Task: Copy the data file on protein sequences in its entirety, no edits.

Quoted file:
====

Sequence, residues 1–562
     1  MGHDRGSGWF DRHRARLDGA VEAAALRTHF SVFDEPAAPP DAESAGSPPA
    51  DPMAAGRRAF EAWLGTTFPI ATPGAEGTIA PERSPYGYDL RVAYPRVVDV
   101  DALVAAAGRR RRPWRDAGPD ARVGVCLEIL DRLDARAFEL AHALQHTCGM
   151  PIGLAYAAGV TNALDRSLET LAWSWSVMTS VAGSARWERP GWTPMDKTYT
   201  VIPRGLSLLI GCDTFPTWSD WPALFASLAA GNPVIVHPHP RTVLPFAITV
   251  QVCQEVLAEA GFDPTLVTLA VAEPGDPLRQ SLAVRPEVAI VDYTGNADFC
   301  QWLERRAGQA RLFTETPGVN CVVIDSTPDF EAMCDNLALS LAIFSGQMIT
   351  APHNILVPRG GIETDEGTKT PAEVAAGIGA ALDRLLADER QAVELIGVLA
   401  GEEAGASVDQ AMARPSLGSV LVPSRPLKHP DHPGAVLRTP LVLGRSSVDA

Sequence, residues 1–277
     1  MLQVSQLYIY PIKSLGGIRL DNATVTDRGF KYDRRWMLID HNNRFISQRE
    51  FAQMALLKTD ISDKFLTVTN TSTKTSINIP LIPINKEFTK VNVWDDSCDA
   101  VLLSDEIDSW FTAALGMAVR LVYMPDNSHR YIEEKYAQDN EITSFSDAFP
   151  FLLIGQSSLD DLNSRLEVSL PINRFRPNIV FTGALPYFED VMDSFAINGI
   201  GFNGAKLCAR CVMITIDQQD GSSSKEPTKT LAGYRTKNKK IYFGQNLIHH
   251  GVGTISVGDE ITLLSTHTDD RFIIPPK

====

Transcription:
Sequence, residues 1–562
     1  MGHDRGSGWF DRHRARLDGA VEAAALRTHF SVFDEPAAPP DAESAGSPPA
    51  DPMAAGRRAF EAWLGTTFPI ATPGAEGTIA PERSPYGYDL RVAYPRVVDV
   101  DALVAAAGRR RRPWRDAGPD ARVGVCLEIL DRLDARAFEL AHALQHTCGM
   151  PIGLAYAAGV TNALDRSLET LAWSWSVMTS VAGSARWERP GWTPMDKTYT
   201  VIPRGLSLLI GCDTFPTWSD WPALFASLAA GNPVIVHPHP RTVLPFAITV
   251  QVCQEVLAEA GFDPTLVTLA VAEPGDPLRQ SLAVRPEVAI VDYTGNADFC
   301  QWLERRAGQA RLFTETPGVN CVVIDSTPDF EAMCDNLALS LAIFSGQMIT
   351  APHNILVPRG GIETDEGTKT PAEVAAGIGA ALDRLLADER QAVELIGVLA
   401  GEEAGASVDQ AMARPSLGSV LVPSRPLKHP DHPGAVLRTP LVLGRSSVDA

Sequence, residues 1–277
     1  MLQVSQLYIY PIKSLGGIRL DNATVTDRGF KYDRRWMLID HNNRFISQRE
    51  FAQMALLKTD ISDKFLTVTN TSTKTSINIP LIPINKEFTK VNVWDDSCDA
   101  VLLSDEIDSW FTAALGMAVR LVYMPDNSHR YIEEKYAQDN EITSFSDAFP
   151  FLLIGQSSLD DLNSRLEVSL PINRFRPNIV FTGALPYFED VMDSFAINGI
   201  GFNGAKLCAR CVMITIDQQD GSSSKEPTKT LAGYRTKNKK IYFGQNLIHH
   251  GVGTISVGDE ITLLSTHTDD RFIIPPK